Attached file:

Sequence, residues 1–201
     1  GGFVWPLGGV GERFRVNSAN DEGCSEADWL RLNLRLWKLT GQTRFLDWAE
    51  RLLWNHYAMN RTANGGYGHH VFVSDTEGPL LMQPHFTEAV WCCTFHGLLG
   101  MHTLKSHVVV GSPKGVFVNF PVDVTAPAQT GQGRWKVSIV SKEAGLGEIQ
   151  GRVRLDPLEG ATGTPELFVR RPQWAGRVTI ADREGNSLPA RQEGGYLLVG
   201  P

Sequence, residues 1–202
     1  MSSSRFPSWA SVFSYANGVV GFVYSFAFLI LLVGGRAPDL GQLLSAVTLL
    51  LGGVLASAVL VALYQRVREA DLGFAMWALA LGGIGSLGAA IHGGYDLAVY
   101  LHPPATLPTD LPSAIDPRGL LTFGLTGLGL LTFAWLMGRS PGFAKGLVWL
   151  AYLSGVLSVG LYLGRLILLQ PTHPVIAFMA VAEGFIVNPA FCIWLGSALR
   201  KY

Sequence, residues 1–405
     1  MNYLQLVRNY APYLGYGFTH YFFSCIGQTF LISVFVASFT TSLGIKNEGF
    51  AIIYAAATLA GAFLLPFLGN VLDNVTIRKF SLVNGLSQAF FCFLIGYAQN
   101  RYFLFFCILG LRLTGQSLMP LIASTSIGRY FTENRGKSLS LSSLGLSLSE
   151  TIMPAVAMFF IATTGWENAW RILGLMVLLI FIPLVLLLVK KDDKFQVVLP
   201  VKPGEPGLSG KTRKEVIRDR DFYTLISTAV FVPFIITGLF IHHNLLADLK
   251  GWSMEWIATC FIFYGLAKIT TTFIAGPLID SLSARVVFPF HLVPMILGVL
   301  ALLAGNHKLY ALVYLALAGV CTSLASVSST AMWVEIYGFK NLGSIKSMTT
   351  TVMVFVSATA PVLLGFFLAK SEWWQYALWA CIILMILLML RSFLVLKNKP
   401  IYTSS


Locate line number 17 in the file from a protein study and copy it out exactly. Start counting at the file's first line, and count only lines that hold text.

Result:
   151  TIMPAVAMFF IATTGWENAW RILGLMVLLI FIPLVLLLVK KDDKFQVVLP